In the mid-nineteenth century, James Wickham was a wealthy farmer with a large estate in Cutchogue, Long Island. His extensive property included a mansion and eighty acres of farmland that were maintained by a staff of servants. In 1854, Wickham got into an argument with one of his workers, Nicholas Behan, after Behan harassed another employee who refused to marry him. Several days after Behan's dismissal, he crept back into the house in the dead of night. With an axe, he butchered Wickham and his wife, Frances, and fled to a nearby swamp. Behan was captured, tried, convicted and, on December 15, became one of the last people to be hanged in Suffolk County. Local historians Geoffrey Fleming and Amy Folk uncover this gruesome story of revenge and murder.
Long Road to Freedom
People of African descent have played an integral role in Long Island's history, just as they make essential contributions to this region's present and future. Dutch merchants brought the first enslaved Africans to what is now Manhattan in 1626; recognizing the value of this forced labor, they imported additional enslaved men and women from Africa and the Caribbean to help build the growing colony. Concurrently, English settlers started new communities on eastern Long Island, including Gardiner's Island (1639), Southold and Southampton (1640), and East Hampton (1648); they began bringing enslaved Africans to these communities in the 1650s. A century later, in 1749, enslaved Africans comprised 34% of the population of Kings County, 17% of Queens County, and 14% of Suffolk County. Overall, New York had more enslaved people than any colony north of Maryland during the colonial period. For over two centuries, enslaved people of color performed vital domestic, industrial, and agricultural labor throughout the region. At the same time, they struggled to survive in often challenging circumstances, to maintain their own cultural identity, and to resist the institution that bound them. Thanks to the allied efforts of Black and white antislavery advocates, New York State finally abolished slavery in 1827. Yet some legacies of slavery - especially patterns of systemic racism and persistent economic inequality - stubbornly endure on Long Island to this day. Many people have little knowledge or awareness of this critical story. To correct this historical amnesia, we must both reflect on why the damaging effects of slavery have been so long obscured and honor the many contributions of Black Long Islanders to our shared heritage - through continued research, preservation, and celebration.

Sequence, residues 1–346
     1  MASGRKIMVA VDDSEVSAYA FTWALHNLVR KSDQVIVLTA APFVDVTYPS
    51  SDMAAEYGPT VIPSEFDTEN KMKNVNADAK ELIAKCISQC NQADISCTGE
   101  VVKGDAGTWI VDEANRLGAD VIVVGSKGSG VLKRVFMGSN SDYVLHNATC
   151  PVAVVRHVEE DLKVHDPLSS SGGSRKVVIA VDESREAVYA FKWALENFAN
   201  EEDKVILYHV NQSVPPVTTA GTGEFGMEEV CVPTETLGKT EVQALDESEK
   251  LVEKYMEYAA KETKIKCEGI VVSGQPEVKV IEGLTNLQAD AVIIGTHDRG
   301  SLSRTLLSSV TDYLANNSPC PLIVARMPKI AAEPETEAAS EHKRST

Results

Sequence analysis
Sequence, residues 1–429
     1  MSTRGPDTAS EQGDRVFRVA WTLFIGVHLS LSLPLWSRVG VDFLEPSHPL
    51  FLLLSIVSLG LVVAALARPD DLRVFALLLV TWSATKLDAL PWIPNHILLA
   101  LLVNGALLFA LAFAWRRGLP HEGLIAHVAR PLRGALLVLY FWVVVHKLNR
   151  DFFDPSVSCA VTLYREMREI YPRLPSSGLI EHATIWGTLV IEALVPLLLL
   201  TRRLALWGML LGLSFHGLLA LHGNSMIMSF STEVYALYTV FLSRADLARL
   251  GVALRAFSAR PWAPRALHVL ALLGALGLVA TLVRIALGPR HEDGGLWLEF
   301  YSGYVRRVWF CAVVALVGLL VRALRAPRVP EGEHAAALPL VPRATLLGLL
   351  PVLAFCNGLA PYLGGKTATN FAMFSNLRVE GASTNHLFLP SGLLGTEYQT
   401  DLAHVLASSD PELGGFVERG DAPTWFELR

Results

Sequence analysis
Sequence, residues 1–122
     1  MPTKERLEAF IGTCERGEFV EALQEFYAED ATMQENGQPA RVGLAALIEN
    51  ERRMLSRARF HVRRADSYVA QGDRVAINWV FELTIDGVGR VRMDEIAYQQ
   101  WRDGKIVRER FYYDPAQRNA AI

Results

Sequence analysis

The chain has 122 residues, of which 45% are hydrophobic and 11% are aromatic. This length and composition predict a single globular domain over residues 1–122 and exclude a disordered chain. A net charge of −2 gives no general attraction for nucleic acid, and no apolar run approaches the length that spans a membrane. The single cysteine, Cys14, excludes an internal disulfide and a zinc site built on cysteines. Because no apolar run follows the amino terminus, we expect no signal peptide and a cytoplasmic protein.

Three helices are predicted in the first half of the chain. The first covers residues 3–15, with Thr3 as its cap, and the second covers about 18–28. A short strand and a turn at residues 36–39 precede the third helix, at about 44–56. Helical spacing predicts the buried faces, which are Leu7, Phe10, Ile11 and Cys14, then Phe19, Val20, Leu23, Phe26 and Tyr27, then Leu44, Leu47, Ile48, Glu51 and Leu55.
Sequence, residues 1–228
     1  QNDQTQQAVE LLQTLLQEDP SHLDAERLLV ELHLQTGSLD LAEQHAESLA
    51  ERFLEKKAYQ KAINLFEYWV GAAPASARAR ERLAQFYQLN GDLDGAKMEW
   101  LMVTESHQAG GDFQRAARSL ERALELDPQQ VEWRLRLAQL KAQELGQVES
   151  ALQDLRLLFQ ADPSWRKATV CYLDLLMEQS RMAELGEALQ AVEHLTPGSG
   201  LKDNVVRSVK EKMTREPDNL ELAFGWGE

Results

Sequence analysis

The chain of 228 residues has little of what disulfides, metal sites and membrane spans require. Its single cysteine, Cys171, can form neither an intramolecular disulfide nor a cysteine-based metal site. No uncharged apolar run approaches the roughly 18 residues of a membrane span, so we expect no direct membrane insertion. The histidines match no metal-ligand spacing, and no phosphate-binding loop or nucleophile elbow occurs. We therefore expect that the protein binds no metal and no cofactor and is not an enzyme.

Long Island and the Woman Suffrage Movement
Long Island and the Woman Suffrage Movement documents the historical movement of the right to vote for women in New York.
For seventy-two years, American women fought for the right to vote, and many remarkable ladies on Long Island worked tirelessly during this important civil rights movement. The colorful--and exceedingly wealthy--Alva Vanderbilt Belmont was undoubtedly the island's most outspoken and controversial advocate for woman suffrage. Ida Bunce Sammis, vigorous in her efforts, became one of the first women elected to the New York legislature. Well-known Harriot Stanton Blatch, daughter of Elizabeth Cady Stanton, worked with countless other famous and ordinary Long Islanders to make her mother's quest a reality. Author Antonia Petrash tells the story of these and other women's struggle to secure the right to vote for themselves, their daughters and future generations of Long Island women.
Haunted Long Island Mysteries
Long Island's history extends beyond the physical reality surrounding us and into the great unknown of the spiritual realm. Deceased patrons and other visitors from the past linger at the Milleridge Inn in Jericho, one of the oldest continually operating restaurants in America. Victims of the Louis V. Place shipwreck aren't resting so peacefully at the Lakeview Cemetery in Patchogue. Spirits move furniture, knock on doors and pace throughout the exhibits at the Long Island Maritime Museum. Award-winning author and historian Kerriann Flanagan Brosky, alongside medium and paranormal investigator Joe Giaquinto, use extensive interviews, research and investigations to unveil a new collection of Long Island's ghostly past.
Local History Albums
Local History Learning Resources
Brooklyn Newsstand is a collection of digitized Brooklyn newspapers made possible through a partnership between Brooklyn Public Library and Newspapers.com.
Hudson River Valley Historical Newspapers
Access digitized copies of historical newspapers from the Hudson River Valley region of New York State.
Lindenhurst Star: Digital Archive
The Lindenhurst Memorial Library is the only known archive of The Lindenhurst Star. Thanks to a grant, we digitized our archive to provide unprecedented access to this slice of Lindenhurst history.
Long Island Index
A local resource which provides statistical information and various studies about Long Island.
New York Amsterdam News
Access to full articles in the New York Amsterdam News (1922-1993), one of the nation’s leading black newspapers of the 20th century.
New York Heritage Digital Collections
Research the people, places, and institutions of New York State with access to more than 170 distinct digital collections.